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Blog posts of '2009' 'October'

Analysis: Brennon/J-Lee

I visited a Belegarth park just north of Oklahoma City on the 17th of October. J-Lee and Gabriel (HFS Sword knights) took me along for the ride, and I had a great time. We also got to do some one-on-one sparring while filming with a 60fps video camera, and it's given me a great opportunity to go through and analyze what is going on in each fight. I've decided to take three things to work on from each series for myself, and make three observations about my opponent as well. There are a lot of things that could have been taken from these videos, but these are the ones that were the most interesting to me. Make your own observations and comments by joining the Fighting forum at www.ElectricSamurai.com
 
Brennon: Florentine: 15 wins 68%
J-Lee: Sword and Board: 7 wins 32%

 

 
Brennon Analysis:
1. I'm leaning instead of moving my feet to close distance. It's working for me, but it's sloppy, and leads to a few situations where I'm out of position to take follow-up action. I'm going to fix this by trying to consciously step, switch stances, and center my weight back over my hips better. 
 
2. I'm also not punishing people for crossing to my right side regularly enough. When they cross to my right, I really ought to be pounding them with my left regularly. The video really helped me see how much time I had during their shots where I'm not doing anything productive with my left hand. I'm going to work on that by consciously thinking of countering with my left any time they go 2/3rds into a shot that crosses. I should be able to hit it and return to guard before they can change course, even if it is a feint.
 
3. I'm more open to stabs than I would like. That might be a function of being constrained by the limited space of the camera and not having as much distance control going on, but a certain amount of it is just that I'm not catching them early enough. I need to practice catching stabs from the dark behind the board specifically, as most of the successful ones are coming out of there.
 

 

 
J-Lee Analysis:
1. J-Lee is really letting me work that shield side shoulder. I would suggest he try and keep his shield face more parallel to his opponent on the vertical axis; that's going to be a big help in cutting off those angles needed to wrap over and tag that shield. It's also letting me sneak in the occasional hip wrap.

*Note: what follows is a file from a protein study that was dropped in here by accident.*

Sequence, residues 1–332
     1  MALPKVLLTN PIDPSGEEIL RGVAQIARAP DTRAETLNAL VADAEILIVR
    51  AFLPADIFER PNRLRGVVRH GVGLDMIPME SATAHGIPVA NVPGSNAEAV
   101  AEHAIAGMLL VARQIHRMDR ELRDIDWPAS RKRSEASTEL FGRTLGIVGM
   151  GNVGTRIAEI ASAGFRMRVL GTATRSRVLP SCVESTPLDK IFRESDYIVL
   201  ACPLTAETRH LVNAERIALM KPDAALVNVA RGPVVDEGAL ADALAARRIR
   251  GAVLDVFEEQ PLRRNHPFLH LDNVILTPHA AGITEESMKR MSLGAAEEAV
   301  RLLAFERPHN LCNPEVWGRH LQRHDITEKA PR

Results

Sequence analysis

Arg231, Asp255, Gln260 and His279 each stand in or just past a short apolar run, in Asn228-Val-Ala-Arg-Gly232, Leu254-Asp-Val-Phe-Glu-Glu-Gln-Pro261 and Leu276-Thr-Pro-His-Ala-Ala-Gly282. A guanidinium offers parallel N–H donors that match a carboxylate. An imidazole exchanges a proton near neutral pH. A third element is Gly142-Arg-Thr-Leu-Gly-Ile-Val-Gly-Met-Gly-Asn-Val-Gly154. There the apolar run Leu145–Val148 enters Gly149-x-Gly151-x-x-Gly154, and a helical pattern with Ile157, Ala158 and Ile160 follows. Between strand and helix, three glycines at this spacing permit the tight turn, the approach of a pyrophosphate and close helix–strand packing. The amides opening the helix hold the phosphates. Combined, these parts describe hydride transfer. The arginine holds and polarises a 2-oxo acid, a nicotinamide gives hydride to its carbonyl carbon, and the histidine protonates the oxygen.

2. J-Lee throws to the outside on the left too often, which generally ends in a block riposte with the left or a block left wrap right combo. I would suggest working on other same-side openers, and drilling outside shot to circle block to riposte patterns.
 
3. J-Lee tends to float his guard up after throwing a shot. That's fine if you can bring it back down in time to block a low, but it's probably just better to keep returning your guard below the guard of your opponent as a rule of thumb. This keeps your block strong, while not putting you close to low guard position if they go low.


 

Practical Concepts: Florentine Left Side Bait

I use this a lot on fighters who are either reactionary, or want to maintain range. They see the 'weak' left side coming in, see the guard drop, and it looks like the perfect opportunity to get an easy kill.
 
The trick to this is to be able to anticipate your opponents swing height. That's pretty hard to do, so it's generally better to just keep a low guard, perhaps even choke up on your swords a bit, and make the motions as automatic as possible. Most people aren't going to be capable (at least not at first) of seeing, interpreting, and reacting to their opponents motions swiftly enough for this to work. Instead the idea is to setup a series of automatic stimuli and a pattern to follow that will catch their response automatically. Don't think of it as "Step, see the shot, block the shot, hack the arm" but rather "Step, dip the guard, come back to guard, mid cross hack." Think about following the pattern rather than trying to be faster than your opponent.